Navy veteran wounded in Iraq runs Fargo Marathon with American flag attached to his belt
FARGO — Randy Woodward was in the middle of a 36-vehicle convoy in his second tour of duty in the Iraq War in 2005, when a roadside bomb exploded. The Navy Seabee was told in a Virginia hospital he would never run again, something he had done since high school in Peculiar, Mo.
Woodward, 53, has six herniated discs, meniscus tears in both knees, shoulder damage and a 14-year headache that hasn't gone away since the bomb exploded.
On Saturday, Woodward looked outside the Fargodome gate and laughed at the rain and wind that awaited him for the full marathon of Saturday's Sanford Fargo Marathon.
"It's going to be terrible," said Woodward, who is from Nashville, Tenn. "I'm going to love it."
Saturday was the 17th state Woodward has run a full marathon with his American flag attached to his belt.
"I decided, after a few years of sitting around and being miserable and hurting, let's go run," Woodward said.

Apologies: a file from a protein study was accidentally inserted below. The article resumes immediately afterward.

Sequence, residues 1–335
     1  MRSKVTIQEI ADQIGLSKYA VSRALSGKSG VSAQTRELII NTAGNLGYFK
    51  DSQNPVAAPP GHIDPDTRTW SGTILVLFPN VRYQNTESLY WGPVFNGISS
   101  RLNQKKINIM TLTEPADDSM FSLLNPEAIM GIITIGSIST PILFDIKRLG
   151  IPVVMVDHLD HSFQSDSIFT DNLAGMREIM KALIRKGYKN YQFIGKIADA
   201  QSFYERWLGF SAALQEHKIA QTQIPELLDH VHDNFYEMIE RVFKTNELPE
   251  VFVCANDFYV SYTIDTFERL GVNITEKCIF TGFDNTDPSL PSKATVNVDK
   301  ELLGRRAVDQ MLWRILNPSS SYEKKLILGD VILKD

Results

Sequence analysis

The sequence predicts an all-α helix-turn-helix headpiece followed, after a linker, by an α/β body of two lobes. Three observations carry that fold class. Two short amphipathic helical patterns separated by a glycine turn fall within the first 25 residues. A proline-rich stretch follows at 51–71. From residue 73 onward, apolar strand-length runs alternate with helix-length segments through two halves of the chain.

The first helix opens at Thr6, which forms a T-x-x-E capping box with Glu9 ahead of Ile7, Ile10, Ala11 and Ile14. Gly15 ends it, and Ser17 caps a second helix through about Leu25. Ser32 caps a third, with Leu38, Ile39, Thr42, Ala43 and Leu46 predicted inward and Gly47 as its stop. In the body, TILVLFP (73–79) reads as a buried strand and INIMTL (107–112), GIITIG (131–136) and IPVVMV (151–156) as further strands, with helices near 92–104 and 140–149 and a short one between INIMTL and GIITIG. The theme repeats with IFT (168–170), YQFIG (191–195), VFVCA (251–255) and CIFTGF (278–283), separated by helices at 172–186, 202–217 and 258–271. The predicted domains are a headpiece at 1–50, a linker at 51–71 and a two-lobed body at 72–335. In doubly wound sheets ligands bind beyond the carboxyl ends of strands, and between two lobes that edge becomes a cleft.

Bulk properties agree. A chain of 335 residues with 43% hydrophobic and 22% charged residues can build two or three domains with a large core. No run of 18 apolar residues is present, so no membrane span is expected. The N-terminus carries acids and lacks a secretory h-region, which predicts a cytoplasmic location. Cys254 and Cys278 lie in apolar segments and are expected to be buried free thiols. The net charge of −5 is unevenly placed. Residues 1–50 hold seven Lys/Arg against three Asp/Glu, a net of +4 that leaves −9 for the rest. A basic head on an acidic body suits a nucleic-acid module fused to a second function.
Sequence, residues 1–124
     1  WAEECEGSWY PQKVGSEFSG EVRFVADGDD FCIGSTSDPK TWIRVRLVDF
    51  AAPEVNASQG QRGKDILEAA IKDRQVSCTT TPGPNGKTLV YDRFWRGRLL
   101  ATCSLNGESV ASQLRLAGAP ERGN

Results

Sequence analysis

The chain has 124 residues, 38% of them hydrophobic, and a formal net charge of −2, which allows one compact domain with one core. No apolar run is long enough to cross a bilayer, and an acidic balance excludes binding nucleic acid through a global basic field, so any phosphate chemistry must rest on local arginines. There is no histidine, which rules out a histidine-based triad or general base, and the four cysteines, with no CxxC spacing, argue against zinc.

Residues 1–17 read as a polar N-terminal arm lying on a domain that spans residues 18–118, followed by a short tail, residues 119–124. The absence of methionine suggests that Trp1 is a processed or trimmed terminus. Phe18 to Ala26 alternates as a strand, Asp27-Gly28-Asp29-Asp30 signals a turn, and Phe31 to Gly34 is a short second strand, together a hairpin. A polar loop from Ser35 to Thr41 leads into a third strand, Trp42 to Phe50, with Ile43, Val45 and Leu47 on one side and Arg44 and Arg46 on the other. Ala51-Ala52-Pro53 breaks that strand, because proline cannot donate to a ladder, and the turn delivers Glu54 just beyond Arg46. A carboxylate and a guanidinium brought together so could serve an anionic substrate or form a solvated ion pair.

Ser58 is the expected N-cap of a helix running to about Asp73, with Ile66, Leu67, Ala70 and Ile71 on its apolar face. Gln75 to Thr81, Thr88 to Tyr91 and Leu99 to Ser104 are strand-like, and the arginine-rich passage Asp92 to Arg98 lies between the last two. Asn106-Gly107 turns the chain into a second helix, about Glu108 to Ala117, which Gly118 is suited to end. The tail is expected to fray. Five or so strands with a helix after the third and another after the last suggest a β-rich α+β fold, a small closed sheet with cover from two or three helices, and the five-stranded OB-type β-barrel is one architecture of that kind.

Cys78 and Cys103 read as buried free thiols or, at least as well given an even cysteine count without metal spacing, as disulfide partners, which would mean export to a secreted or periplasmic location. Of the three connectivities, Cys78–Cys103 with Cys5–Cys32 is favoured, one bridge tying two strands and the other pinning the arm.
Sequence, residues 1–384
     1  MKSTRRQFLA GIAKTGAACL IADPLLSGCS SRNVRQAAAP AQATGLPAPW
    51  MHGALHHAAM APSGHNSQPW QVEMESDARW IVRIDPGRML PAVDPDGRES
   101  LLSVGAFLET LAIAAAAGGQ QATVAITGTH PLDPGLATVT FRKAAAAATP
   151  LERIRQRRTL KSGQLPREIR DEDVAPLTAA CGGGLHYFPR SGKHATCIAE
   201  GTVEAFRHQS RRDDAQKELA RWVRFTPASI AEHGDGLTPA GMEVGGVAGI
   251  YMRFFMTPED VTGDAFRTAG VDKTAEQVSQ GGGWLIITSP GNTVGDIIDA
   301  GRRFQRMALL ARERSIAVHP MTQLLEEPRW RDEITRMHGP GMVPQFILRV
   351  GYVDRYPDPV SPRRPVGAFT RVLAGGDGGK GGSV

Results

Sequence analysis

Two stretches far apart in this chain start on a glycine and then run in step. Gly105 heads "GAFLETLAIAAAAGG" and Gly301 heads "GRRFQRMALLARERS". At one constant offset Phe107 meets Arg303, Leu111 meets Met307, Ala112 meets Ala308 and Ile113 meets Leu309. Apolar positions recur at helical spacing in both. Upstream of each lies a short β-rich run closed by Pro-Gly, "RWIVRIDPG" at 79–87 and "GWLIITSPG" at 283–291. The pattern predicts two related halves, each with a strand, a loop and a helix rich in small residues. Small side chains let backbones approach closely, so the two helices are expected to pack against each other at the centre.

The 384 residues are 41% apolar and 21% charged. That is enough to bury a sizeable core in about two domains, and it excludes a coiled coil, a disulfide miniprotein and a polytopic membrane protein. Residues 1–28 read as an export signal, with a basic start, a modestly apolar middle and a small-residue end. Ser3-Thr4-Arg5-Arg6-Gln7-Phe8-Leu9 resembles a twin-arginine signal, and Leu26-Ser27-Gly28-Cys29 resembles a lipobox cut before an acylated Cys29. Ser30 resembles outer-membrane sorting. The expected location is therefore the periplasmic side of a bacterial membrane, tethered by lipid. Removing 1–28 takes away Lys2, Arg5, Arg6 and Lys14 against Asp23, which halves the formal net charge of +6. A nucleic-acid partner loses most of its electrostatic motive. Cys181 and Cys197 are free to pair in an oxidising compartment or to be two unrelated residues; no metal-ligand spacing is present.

Woodward tried a marathon. That turned into trying one or two marathons every year. That turned into 12 marathons in six straight weekends.
That has turned into trying to do a full marathon with his American flag, which stands 8-by-5 feet, in all 50 states. For Woodward, running is therapeutic.
"I have a 24-7 headache, I get migraines three or four times a week pretty bad," Woodward said. "When it gets bad, I just go run. It gives me a high. It's hard not to run. I just gotta run."
Woodward was working at a little hot rod shop just outside of Kansas City, Mo., at 34 years old. He had thought about joining the Army for years, but never really followed through. The car of a Navy recruiter broke down on his way to the U.S. Naval Reserve Center in Kansas City.
Woodward fixed his car, talked to him and was signed up for the Navy two weeks later.
"It gave me a lot of opportunity to travel around the world.," Woodward said. "I would still be doing it if it weren't for the roadside bomb."
Woodward raised the American flag at the starting line, as the crowd faced him during the national anthem Saturday. He ran the full marathon and headed to Green Bay to run another full marathon with the flag tomorrow.
"People love it," Woodward said. "I hear a lot of people say it's an inspiration."